News Around Webster: Kingston book award, Welsh in 'The Prayer,' library spotlight

Mar. 30, 2020

Recent professional news and achievements for Webster University community members include:

Kington Wins ISA Best Book in Human Rights Prize

Around Webster: Kingston book award, Welsh in 'Prayer,' library spotlight
Lindsey Kingston

Lindsey N. Kingston won the International Studies Association’s 2020 Prize for the best book in human rightsKingston is a professor of human rights in the Webster University College of Arts & Sciences and director of the Institute for Human Rights & Humanitarian Studies.

Her book, "Fully Human: Personhood, Citizenship, and Rights," was published by Oxford University Press:

"Fully Human: Personhood, Citizenship, and Rights" critically considers how inequalities related to citizenship and recognition impact one’s ability to claim so-called universal and inalienable rights. Today, citizenship itself serves to recognize an individual as fully human or worthy of fundamental human rights—yet this robust form of political membership is limited or missing entirely for some vulnerable groups. These protection gaps are central to hierarchies of personhood—inequalities that render some people more “worthy” than others for protections and political membership—that lead to gross violations of the rights to place and purpose that are essential for a person to live a life of human dignity.

Kingston's book presents various manifestations of hierarchies of personhood, beginning with statelessness (the most direct and obvious lack of functioning citizenship) and progressing through the forcibly displaced, irregular migrants, nomadic peoples, indigenous nations, and “second-class” citizens in the United States. It challenges the binary construct between citizen and noncitizen, arguing that rights to place and purpose are routinely violated in the space between. To resist hierarchies of personhood, functioning citizenship necessitates the opening of political space for those who cannot be neatly categorized. Only by recognizing that all people are inherently worthy of full personhood—and by advocating expanded forms of political membership and voice—can the ideals of modern human rights be realized.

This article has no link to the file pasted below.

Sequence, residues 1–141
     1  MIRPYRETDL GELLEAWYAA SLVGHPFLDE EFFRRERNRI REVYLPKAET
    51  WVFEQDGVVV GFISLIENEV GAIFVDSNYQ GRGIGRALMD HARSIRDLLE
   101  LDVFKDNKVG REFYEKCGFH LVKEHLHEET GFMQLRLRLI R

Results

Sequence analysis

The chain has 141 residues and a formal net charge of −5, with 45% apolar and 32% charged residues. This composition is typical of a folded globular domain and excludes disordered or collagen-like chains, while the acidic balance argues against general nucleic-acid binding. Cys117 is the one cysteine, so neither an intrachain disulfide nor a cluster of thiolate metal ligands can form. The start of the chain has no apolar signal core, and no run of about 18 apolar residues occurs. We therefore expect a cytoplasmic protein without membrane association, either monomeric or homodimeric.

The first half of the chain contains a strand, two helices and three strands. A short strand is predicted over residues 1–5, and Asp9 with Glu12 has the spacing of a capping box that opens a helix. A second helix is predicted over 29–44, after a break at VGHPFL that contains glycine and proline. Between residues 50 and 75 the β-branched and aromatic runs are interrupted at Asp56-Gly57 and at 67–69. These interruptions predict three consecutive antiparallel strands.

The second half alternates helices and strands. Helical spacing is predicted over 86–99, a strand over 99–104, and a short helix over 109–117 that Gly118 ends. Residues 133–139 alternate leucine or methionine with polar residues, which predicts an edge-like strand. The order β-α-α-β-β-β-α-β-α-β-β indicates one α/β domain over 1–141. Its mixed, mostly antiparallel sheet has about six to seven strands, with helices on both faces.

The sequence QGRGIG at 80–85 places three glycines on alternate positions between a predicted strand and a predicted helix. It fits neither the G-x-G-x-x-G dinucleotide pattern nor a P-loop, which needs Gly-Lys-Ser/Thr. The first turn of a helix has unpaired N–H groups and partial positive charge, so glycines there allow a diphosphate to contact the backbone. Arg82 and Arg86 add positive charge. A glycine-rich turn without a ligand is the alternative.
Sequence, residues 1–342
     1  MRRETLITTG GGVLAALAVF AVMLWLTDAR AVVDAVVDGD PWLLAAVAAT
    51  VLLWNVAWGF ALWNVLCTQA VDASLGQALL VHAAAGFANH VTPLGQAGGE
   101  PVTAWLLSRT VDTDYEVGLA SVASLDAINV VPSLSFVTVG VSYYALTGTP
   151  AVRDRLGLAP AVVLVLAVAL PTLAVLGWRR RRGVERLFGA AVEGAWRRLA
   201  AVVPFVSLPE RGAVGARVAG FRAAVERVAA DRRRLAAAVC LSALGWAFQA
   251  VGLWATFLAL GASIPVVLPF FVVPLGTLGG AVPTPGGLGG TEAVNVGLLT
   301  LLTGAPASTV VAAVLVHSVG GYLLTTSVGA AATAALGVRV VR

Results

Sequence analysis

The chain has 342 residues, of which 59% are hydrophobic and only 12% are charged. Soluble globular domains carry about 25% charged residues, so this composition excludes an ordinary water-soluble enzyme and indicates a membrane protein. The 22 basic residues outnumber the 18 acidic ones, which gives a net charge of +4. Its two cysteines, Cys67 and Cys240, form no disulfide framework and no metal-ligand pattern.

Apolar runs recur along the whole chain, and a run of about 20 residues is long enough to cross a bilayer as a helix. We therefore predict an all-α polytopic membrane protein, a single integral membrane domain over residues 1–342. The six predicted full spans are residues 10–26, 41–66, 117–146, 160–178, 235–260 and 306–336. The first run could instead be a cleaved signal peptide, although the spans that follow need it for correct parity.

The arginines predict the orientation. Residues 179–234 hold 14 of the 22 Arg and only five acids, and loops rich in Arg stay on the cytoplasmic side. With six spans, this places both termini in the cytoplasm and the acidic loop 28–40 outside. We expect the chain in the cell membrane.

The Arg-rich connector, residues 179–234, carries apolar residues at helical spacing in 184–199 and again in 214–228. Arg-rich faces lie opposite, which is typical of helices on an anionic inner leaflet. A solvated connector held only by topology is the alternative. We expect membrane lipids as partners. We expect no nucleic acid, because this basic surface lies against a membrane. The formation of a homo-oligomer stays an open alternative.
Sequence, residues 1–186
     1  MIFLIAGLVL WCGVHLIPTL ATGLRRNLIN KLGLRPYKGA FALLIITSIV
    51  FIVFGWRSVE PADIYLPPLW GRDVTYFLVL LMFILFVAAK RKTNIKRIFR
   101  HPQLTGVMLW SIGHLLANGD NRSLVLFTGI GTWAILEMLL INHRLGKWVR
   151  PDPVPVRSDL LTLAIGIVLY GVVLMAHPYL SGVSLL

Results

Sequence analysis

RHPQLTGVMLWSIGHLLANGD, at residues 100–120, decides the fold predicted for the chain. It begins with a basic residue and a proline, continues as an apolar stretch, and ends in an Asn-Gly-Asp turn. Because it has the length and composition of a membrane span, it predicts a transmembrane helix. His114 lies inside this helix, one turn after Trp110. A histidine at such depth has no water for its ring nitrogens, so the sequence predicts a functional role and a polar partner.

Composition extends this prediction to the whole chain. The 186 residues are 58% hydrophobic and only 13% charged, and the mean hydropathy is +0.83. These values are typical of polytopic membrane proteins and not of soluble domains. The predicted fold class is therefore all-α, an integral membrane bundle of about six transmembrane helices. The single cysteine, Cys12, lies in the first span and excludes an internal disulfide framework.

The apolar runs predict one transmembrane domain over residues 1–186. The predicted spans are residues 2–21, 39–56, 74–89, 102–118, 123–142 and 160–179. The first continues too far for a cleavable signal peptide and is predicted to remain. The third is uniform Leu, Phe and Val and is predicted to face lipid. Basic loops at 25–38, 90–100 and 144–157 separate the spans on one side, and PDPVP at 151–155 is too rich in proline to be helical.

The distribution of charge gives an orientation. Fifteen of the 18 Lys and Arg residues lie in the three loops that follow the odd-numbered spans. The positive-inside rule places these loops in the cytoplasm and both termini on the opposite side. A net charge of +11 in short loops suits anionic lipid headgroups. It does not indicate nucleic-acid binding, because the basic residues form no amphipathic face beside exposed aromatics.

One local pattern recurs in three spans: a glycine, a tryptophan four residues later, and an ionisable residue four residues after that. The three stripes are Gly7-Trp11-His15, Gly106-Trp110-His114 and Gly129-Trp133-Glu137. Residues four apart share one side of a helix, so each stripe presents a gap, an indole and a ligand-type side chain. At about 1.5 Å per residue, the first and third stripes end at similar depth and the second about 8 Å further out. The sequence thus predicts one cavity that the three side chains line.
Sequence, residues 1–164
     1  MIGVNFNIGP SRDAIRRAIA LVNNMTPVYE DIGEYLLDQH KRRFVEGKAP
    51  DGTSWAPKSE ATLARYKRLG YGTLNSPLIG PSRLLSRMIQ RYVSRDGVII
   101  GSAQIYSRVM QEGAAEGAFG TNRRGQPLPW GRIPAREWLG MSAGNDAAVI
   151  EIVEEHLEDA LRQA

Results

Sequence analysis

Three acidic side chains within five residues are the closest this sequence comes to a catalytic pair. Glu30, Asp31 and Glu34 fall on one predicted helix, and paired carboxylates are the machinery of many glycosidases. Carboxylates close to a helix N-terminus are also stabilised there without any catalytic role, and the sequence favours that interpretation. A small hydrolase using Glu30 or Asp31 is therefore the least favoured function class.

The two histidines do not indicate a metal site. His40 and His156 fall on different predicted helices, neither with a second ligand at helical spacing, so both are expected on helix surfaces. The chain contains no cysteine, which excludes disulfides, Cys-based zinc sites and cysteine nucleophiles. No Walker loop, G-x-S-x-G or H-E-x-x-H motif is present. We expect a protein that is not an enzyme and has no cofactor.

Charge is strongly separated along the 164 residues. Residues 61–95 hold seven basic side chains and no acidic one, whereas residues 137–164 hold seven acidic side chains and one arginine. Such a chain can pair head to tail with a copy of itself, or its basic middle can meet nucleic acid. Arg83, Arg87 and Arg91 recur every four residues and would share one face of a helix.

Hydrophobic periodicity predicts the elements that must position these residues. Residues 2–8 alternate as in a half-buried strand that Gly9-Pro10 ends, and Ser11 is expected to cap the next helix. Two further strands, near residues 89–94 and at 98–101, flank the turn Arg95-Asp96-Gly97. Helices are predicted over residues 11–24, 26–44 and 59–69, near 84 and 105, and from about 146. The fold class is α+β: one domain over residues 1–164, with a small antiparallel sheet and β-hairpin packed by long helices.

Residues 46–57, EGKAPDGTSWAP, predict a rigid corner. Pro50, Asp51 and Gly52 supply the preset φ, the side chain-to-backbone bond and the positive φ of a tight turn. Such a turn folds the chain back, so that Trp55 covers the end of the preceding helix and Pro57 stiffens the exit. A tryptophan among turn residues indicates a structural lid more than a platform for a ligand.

Welsh Contributes to AI-Generated 'Prayer' Project

Keith Welsh
Keith Welsh

Keith Welsh, chair of the Religious Studies Department in Webster's College of Arts & Sciences, contributed to "The Prayer," a conceptual artwork created by the artist, Diemut Strebe.

Strebe’s work is a robot programmed with sufficient artificial intelligence that it can generate its own prayers.  Welsh assisted with the collection of prayers from most major world religions which the Intelligence used to “learn” what a prayer is. 

"The Prayer" premiered as part of the exhibition Neurones, on art and artificial intelligence, at the Pompidou Centre in Paris in March. Welsh continues to assist Streber in gathering further material so that the robot can learn contemplative meditation.

 

Condon, Hubenschmidt in Amigos Spotlight

Emerson Library
Emerson Library on the main campus in 
Webster Groves.

Webster University librarians Elieen Condon and Holly Hubenschmidt were featured in Amigos Member spotlight. Amigos is one of the library consortia that Webster University Library belongs to that helps us negotiate reduced prices on many of our electronic resources and provides professional development on a number of topics relevant to librarians.

In the spotlight, Condon, dean of University Libraries, and Hubenschmidt, Liaison, & Research Services and co-director of Global Leadership Academy share things they've learned about collection building, international library accreditation, building institutional collaborations, as well as some data-driven building changes, adaptations and future plans.

Watch the spotlight here.

tags:  academics, college of arts and sciences, news around webster, home page, religious studies, human rights, library, employee news, faculty, webster today,